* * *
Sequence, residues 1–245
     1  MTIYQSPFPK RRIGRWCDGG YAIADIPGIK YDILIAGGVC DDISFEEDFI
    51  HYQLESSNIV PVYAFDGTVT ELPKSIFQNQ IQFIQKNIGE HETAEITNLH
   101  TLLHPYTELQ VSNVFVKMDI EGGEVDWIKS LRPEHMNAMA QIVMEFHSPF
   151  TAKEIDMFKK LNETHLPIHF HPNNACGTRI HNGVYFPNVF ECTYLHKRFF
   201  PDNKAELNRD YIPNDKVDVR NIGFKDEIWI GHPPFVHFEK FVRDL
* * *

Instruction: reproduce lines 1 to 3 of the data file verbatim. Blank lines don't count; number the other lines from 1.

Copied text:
Sequence, residues 1–245
     1  MTIYQSPFPK RRIGRWCDGG YAIADIPGIK YDILIAGGVC DDISFEEDFI
    51  HYQLESSNIV PVYAFDGTVT ELPKSIFQNQ IQFIQKNIGE HETAEITNLH